A rather amazing proposal comes in the form of a letter written by Harvard’s radical sociobiologist Edward O. Wilson to an “imagined Southern Baptist pastor.” What he proposes is a common commitment to work together for the protection of biodiversity and life forms. His letter is published in the September 9, 2006 edition of The New Republic.
Professor Wilson was raised in a Southern Baptist home, but he abandoned belief in God many years ago. In his academic career, he has emerged as the most ardent defender of sociobiology and as an evangelist for evolutionary thought. Thus, his current proposal comes as something of a shock.
But Professor Wilson understands that, and he is honest in explaining why he is making this overture:
It may seem far-fetched for a secular scientist to propose an alliance between science and religion. But the fact is that environmental activists cannot succeed without you and your followers as allies. The political process in American democracy, with rare exceptions, does not start at the top and work its way down to the voting masses. It proceeds in the opposite direction. Political leaders are compelled to calculate as precisely as they can what it will take to win the next election. The United States is an intensely religious nation. It is overwhelmingly Judeo-Christian, with a powerful undercurrent of evangelism. We secularists must face reality. The National Association of Evangelicals has 30 million members; the three leading American humanist organizations combined have, at best, a few thousand. Those who, for religious reasons, believe in saving the Creation, have the strength to do so through the political process; acting alone, secular environmentalists do not. An alliance between science and religion, forged in an atmosphere of mutual respect, may be the only way to protect life on earth, including, in the end, our own.
That is an amazingly candid statement — not at all the kind of thing likely to be well received in the faculty lounge.
To his great credit, Professor Wilson acknowledges the radical divergence of worldviews that is at stake here:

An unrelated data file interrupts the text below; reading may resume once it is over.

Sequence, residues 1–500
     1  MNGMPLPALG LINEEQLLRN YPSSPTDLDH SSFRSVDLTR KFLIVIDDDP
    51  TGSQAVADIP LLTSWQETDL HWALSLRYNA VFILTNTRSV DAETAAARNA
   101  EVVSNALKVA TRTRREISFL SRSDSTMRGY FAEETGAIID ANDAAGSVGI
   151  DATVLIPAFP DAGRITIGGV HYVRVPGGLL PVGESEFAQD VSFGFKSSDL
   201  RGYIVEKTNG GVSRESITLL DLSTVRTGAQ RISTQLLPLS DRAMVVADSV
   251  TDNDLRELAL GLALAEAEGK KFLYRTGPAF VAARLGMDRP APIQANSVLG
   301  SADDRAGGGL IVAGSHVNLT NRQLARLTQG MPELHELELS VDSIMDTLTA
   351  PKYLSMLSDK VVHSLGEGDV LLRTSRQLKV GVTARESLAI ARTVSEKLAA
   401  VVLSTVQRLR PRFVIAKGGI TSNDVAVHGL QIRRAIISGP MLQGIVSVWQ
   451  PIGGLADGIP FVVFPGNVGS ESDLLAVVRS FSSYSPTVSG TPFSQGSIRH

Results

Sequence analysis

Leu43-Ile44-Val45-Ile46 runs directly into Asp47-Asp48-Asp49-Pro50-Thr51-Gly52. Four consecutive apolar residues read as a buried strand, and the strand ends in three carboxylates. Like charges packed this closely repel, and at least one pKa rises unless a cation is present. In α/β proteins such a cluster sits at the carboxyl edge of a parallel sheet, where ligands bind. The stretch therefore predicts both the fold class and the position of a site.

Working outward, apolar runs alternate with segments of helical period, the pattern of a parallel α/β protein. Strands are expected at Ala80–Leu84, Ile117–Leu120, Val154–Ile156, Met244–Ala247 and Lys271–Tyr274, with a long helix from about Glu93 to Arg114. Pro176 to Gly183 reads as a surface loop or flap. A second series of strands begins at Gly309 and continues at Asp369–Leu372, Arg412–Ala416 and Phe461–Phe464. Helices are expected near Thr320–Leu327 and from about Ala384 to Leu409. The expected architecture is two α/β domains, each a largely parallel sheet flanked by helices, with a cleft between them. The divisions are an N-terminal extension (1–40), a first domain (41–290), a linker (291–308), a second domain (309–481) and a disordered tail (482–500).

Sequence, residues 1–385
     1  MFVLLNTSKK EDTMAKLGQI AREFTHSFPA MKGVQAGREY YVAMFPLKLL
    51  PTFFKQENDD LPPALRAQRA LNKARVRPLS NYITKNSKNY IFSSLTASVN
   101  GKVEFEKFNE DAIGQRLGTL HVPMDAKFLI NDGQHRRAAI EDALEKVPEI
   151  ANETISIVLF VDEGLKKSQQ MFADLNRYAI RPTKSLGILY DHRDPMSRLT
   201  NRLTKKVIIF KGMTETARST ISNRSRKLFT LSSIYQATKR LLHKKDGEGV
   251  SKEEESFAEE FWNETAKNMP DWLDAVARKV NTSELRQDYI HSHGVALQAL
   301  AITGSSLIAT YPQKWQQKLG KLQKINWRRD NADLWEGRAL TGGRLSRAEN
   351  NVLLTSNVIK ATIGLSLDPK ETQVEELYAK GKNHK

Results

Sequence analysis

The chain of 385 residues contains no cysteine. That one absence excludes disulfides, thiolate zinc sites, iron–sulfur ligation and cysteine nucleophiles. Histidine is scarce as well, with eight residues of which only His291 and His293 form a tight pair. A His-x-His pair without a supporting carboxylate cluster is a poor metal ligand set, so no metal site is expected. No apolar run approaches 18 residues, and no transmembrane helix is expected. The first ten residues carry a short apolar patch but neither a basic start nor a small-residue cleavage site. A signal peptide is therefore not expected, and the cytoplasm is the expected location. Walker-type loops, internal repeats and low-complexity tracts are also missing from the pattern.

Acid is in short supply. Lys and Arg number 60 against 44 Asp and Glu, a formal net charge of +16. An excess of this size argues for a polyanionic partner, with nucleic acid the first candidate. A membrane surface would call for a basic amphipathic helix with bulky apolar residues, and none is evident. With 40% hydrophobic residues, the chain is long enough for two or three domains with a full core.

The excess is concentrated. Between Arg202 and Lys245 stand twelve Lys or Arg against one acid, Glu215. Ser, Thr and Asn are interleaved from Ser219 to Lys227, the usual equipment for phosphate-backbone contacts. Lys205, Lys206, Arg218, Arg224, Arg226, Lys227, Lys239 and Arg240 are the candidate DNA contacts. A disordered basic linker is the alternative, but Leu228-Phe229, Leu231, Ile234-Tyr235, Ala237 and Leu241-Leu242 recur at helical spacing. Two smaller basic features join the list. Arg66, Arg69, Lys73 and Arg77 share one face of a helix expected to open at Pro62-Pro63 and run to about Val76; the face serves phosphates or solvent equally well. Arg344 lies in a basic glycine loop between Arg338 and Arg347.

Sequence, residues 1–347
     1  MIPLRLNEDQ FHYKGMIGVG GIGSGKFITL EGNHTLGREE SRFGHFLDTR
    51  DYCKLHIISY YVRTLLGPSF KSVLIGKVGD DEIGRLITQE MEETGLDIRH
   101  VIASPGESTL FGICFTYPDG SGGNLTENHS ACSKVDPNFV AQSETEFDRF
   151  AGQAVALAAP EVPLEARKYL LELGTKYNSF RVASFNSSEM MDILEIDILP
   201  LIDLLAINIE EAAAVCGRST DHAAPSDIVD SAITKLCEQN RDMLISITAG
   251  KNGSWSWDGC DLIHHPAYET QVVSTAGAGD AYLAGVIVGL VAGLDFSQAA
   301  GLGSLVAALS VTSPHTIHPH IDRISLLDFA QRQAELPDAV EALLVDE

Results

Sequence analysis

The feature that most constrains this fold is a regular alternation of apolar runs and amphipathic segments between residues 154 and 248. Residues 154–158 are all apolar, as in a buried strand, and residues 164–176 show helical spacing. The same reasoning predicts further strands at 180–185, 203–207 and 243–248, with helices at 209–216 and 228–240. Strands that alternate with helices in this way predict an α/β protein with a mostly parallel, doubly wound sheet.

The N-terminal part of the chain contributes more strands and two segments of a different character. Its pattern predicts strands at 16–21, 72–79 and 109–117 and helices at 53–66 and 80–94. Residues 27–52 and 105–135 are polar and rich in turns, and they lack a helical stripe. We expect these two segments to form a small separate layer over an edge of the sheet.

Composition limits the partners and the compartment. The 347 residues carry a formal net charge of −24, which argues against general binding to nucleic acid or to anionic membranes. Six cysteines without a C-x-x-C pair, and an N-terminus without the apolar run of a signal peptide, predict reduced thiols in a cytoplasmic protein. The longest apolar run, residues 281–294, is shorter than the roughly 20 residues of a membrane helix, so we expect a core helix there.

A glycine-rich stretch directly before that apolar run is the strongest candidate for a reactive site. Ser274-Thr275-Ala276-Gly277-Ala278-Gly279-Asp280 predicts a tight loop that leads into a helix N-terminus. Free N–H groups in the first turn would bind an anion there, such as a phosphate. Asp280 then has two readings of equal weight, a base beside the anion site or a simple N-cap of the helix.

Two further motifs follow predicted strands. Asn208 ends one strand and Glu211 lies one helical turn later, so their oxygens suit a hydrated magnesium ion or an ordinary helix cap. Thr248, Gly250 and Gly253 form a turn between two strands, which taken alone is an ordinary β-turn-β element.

I write to you now for your counsel and help. Of course, in doing so, I see no way to avoid the fundamental differences in our worldviews. You are a strict interpreter of Christian Holy Scripture; I am a secular humanist. You believe that each person’s soul is immortal, making this planet a waystation to a second, eternal life; I think heaven and hell are what we create for ourselves, on this planet. For you, the belief in God made flesh to save mankind; for me, the belief in Promethean fire seized to set men free. You have found your final truth; I am still searching. You may be wrong; I may be wrong. We both may be partly right.
Do these differences in worldview separate us in all things? They do not. You and I and every other human being strive for the same imperatives of security, freedom of choice, personal dignity, and a cause to believe in that is larger than ourselves. Let us see, then, if we can meet on the near side of metaphysics in order to deal with the real world we share. You have the power to help solve a great problem about which I care deeply. I hope you have the same concern. I suggest that we set aside our differences in order to save the Creation. The defense of living nature is a universal value. It doesn’t rise from, nor does it promote, any religious or ideological dogma. Rather, it serves without discrimination the interests of all humanity. Pastor, we need your help. The Creation–living nature–is in deep trouble.
This may shock Dr. Wilson, but I really think he is on to something here. A biblical environmentalism begins with the fact that the world is the arena of God’s glory — creation glorifies the Creator. We will answer to the Creator for our use and enjoyment of the created order, and for our stewardship of the earth and all that is within it. This surely includes the glory of God revealed in what Professor Wilson calls “biodiversity.”
Now, there are any number of ways in which this proposed partnership could be derailed. Are humans to be considered just another species? Does the opportunity really exist to “make the environment a universal concern and to render it politically nonpartisan?”
This is the kind of argument in his letter that should lead to fruitful conversation:
Surely we can agree that each species, however inconspicuous and humble it may seem to us at this moment, is a masterpiece of biology and well worth saving. Each species possesses a unique combination of genetic traits that fits it more or less precisely to a particular part of the environment. Prudence alone dictates that we act quickly to prevent the extinction of species and, with it, the pauperization of earth’s ecosystems.
Other sections of his missive raise vexing problems that might spell doom for his proposal. Nevertheless, Professor Wilson’s letter to an “imagined Southern Baptist pastor” is an amazing overture. We owe him the courtesy of taking him seriously.